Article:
In his book, "A Continuous Harmony: Essays Cultural and Agricultural," Wendell Berry writes,
Because of the obsession with short-term results that may be contained with the terms and demands of a single life, the interest of community is displaced by the interest of career.  The careerist teacher judges himself, and is judged by his colleagues, not by the influence he is having upon his students or the community, but by the number of his publications, the size of his salary and the status of the place to which his career has taken him thus far.  And in ambition he is where he is only temporarily; he is on his way to a more lucrative and prestigious place. Because so few stay to be aware of the effects of their works, teachers are not judged by their teaching, but by the short-term incidentals of publication and “service.” That teaching is a long-term service, that a teacher’s best work may be published in the children of grandchildren of his students, cannot be considered, for the modern educator, like his practical brethren in business and industry, will honor nothing that he cannot see.
I can't imagine a greater caution for those entering into Christian ministry (especially the Reformed pastorate) than to apply what Berry is saying to our context. Consider the painful application. Like modern teachers, pastors today are driven by short-term results. We are most concerned with being judged by ourselves and our colleagues as wise, intellectual, and accomplished. The ministry today is no longer driven by concern for the spiritual lives of our people, but instead, it's become a career, a platform for our own personal advancement. The ministry has become a stepping stone to the next and better thing, something more "lucrative and and prestigious." This manifests itself in constant restlessness. We're not really satisfied.  We look over the fence constantly to the bigger and better.

All of this creates a disconnect between what is a calling from God and our own aspirations of what we want ministry to be. What is lost is the sense from the people that we pastors love the sheep, are in it for the sheep, that we are servants given as sacrifices for the service of their faith.  Because of our displaced motives, our pastoral work is no longer judged by the nature of what constitutes pastoral work. The consequence of this lack of investment in people's lives is apparent, we now live in a generation that measures and judges our pastoral work by the "short term incidentals"of our publications and accomplishments, as we justify our displaced aspirations in the advancement of our names under the guise of "service." Does this mean that all incidentals are wrong? Of course not. But the motivations of our service should be checked as to whether they are an investment in us or the sacrificial love we are called to demonstrate to Christ's sheep.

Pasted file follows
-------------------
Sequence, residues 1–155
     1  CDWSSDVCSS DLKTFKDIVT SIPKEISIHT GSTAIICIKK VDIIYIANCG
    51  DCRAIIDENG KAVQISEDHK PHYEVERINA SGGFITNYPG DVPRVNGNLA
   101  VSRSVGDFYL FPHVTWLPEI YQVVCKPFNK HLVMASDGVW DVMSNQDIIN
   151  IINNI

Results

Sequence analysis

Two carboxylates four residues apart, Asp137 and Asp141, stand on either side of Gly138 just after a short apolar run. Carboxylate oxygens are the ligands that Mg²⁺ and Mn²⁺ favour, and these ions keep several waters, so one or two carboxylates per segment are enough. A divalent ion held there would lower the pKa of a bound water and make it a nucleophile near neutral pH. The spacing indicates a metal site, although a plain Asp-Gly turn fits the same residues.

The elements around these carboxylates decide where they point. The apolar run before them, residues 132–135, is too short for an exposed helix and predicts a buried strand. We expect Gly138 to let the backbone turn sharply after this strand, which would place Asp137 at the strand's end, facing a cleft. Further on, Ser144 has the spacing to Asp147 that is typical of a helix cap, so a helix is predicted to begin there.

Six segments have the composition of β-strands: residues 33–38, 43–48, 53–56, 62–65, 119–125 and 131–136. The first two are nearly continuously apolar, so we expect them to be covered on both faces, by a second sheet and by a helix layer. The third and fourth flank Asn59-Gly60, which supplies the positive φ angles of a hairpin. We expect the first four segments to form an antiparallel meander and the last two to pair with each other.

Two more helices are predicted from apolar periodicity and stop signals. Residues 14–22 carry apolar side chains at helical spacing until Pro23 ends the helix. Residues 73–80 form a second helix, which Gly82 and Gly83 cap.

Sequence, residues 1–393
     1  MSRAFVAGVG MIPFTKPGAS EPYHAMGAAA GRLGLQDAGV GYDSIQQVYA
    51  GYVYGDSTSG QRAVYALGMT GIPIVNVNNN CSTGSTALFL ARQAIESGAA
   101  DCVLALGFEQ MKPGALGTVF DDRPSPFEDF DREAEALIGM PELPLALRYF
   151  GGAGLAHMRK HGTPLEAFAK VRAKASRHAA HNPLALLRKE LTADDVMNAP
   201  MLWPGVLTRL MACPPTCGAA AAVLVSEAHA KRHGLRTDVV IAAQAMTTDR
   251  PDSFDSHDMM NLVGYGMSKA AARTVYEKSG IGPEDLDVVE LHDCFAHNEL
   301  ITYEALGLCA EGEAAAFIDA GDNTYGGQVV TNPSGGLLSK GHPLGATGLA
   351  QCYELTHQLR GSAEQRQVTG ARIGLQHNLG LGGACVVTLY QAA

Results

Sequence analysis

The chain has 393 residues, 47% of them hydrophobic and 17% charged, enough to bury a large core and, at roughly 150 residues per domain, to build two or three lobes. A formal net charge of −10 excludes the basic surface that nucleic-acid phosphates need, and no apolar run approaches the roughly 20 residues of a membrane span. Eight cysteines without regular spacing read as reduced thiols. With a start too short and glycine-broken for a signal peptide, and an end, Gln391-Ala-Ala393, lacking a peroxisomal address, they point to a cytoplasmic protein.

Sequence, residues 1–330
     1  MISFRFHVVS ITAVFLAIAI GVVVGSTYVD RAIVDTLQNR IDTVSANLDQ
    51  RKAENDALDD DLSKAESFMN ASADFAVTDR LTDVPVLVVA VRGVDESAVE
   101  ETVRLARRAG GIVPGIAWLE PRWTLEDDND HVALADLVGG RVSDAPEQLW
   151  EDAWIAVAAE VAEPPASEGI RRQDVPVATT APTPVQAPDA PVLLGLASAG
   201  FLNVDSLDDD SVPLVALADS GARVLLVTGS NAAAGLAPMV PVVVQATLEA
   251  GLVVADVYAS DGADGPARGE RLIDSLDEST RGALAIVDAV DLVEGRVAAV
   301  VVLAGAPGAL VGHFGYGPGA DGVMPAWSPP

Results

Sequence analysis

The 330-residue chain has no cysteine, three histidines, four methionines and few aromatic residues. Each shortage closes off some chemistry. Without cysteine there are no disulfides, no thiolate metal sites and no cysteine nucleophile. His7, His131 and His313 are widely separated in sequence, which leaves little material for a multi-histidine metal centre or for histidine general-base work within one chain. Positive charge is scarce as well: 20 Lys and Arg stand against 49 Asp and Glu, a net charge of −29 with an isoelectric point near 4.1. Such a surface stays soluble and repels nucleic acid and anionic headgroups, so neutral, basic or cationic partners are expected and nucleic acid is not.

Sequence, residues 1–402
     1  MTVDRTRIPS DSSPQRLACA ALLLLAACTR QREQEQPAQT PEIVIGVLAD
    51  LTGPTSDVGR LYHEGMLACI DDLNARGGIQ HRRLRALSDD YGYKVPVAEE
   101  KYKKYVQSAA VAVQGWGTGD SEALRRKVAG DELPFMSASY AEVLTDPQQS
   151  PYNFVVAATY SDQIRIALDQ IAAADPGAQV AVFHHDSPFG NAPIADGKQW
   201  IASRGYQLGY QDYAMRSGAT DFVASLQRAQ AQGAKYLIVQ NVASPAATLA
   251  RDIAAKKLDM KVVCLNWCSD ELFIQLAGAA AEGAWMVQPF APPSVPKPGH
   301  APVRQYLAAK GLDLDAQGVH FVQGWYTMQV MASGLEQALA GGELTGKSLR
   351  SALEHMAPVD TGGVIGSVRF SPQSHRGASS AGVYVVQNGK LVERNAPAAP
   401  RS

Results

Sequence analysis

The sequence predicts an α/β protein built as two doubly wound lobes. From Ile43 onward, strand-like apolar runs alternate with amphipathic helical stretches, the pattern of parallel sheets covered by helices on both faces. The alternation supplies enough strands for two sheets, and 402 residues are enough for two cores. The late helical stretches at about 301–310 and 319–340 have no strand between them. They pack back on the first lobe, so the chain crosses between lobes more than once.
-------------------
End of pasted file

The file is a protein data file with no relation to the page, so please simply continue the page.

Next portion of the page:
What most interests me here is Berry's astute observation that teaching is a long-term service that the modern interpreter will never appreciate since he cannot see the results.  Berry says the best work of teachers is published in the "children of grandchildren in students." Oh that we would think of ministry this way!  This means, of course, that long-term investment in people's lives will often seem unsuccessful and lackluster, and will receive little approbation from a church world obsessed with numbers and immediate gratification. If God gives us to see some of the fruit of our pastoral labor in this life, then we should praise him for his kind providence. But our best work will be known tomorrow. Our faithfulness will be known in the generations to come, after we are dead and gone. This is God's way of doing ministry. It makes sense. This way glory goes to him as our motives remain challenged.

Pastors who adopt this modern paradigm for their ministry, dependent on being sustained by their big name, personality, and so-called "service," lacking any real investment in the lives of the people, tend to fall as quickly as they rose to power. This is, in my estimation, happening right now to Mark Driscoll and Mars Hill Church.

So I humbly caution those entering into the pastoral ministry. Brothers, we're not careerists. Are you in this for the up building of Christ's church, realizing that you may never live to see the results of your work, or are you in it to make a great name for yourself today?

Don't be a pastor, if you don't want to be a pastor.